Fixing the Gold Fix—With or Without the Chinese Banks?


"The new price setting mechanism will be launched on the March 20—this coming Friday."

Gold in safe

The end of this week will see the end of an era in London-based gold price benchmarking when the rather archaic London Gold Fixing system, which has been in place little changed for most of the past 100 years (since 1919), will come to an end and be replaced by the new LBMA Gold Price electronic system that is being set up in its place. The new price setting mechanism will be launched on the March 20—this coming Friday.

I would commend readers to check out two detailed analyses of the implications of the new gold pricing systems, which in part do disagree with each other on the possible role of Chinese banks within the new process and whether this may end up sidelining the bullion banks in gold price benchmarking. The first of these analyses is from Alasdair Macleod of Gold Money—who does indeed suggest that the new era will bring an end to the control of the gold price benchmarking process by the bullion banks, with the Chinese banks ultimately exerting overall pricing control—See: The New London Gold Fix and China's Gold Strategy.

The second is a very long analysis by Ronan Manly on Bullionstar which doesn't quite reach the same conclusions and suggests instead that the LBMA and the bullion banks may remain firmly in control of the new pricing mechanism.—See: Chinese Banks as direct participants in the new LBMA Gold and Silver Price auctions? Not so fast!

Much of the difference in thinking revolves around the actual selection by the London Bullion Market Association (LBMA) of the initial direct participants in the new electronic price setting process being administered by ICE Benchmark Administration. While Macleod posits that it is inevitable that one or more of the three major Chinese banks which have expressed interest in participation in the new process, and would appear to meet the qualifications for so doing, will be involved as direct participants from the start, Manly is not so sure, pointing to his interpretation of the language used in many of the statements on the make-up of the direct participants which could be taken to suggest that the Chinese banks will not be selected from the start. He also drew, as an example, on the processes followed for the selections of participants for the new London silver pricing system, also organized through the LBMA.

Manly notes that the following banks are likely to be in the mix as direct participants in the new gold pricing process. Firstly the four bullion banks currently involved in the London Gold Fixing system: Barclays, HSBC, Scotia Mocatta, and Société Générale. Then he adds JP Morgan, UBS, Credit Suisse, Goldman Sachs, Mitsui Bank, CitiCorp, Morgan Stanley and Standard Chartered. However, neither the Direct participant list, nor the chairperson of the process, will be announced until the day the new process takes over.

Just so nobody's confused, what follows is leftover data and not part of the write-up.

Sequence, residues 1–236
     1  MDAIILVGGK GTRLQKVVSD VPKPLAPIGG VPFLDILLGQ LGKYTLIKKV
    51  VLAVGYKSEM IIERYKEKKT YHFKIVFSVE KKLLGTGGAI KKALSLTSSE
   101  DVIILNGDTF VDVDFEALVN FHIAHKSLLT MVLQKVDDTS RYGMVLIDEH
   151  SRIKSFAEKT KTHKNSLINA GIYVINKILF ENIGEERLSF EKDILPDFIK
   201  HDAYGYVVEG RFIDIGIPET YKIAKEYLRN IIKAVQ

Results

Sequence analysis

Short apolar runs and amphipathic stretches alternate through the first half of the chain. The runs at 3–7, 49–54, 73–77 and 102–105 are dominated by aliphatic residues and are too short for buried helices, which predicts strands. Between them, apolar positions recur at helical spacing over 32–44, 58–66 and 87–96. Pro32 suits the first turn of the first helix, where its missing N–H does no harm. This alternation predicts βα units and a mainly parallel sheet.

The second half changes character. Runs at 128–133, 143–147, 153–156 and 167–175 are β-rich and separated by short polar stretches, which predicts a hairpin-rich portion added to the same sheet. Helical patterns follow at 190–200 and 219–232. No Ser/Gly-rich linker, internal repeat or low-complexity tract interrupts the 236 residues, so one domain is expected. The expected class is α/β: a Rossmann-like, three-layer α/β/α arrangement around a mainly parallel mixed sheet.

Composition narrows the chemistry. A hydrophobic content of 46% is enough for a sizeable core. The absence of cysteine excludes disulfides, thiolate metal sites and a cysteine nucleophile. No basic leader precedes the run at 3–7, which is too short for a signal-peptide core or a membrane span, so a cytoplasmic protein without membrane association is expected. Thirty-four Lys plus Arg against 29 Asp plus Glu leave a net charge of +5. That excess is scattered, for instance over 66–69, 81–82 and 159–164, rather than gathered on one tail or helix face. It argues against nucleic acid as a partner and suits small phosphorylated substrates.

Manly goes on to note that when the day comes a few of the above noted bullion banks may prove not to be on the list. Likewise, other bullion banks such as Commerzbank, Natixis, ANZ, Standard Bank or BNP Paribas could yet be on the list. "Until LBMA and ICE actually publish the list, the only alternative is to speculate," he says.

Now there are no Chinese banks on Manly's listing of Day 1 likely direct participants – but plenty of bullion banks! To an outside observer it would seem inconceivable that none of the three Chinese banks which are seen to meet the qualifications for inclusion – Bank of China, Industrial and Commercial Bank of China (ICBC) and China Construction Bank – will be included from the start, but the bullion banking sector and the LBMA may well be arrogant enough in their approach to exclude them and ride out any resultant storm, which would likely soon blow over.

Macleod, in his analysis reckoned that if the state-controlled Chinese banks are included, China would then have the opportunity to take a dominant role in London, without having to direct its order flows through the fixing banks. "Therefore, it is no exaggeration to say that from March 20, China will be able to control the global physical gold market, which will permit her to manage the price. She has the deepest pockets, backed by the largest single stockpile."

He goes on to say that the failure of the London bullion market to see strategically beyond its short-term interests has opened the door to China's powerful state-owned banking monopoly to thus control the gold bullion market. He sees this as probably the final link in China's long-standing gold strategy, and through it a planned domination of the global economy in partnership with Russia and the other Shanghai Co-operation Organisation (SCO) nations.

However, should the LBMA be more aware of the dangers of unleashing control of the gold market than Macleod suspects, then maybe its vested interests will seek to postpone the day by finding excuses not to accord the Chinese banks direct participation status—although this in itself might be a dangerous game. We will have to wait until Friday to see how this one plays out—at least initially.

Lawrence Williams

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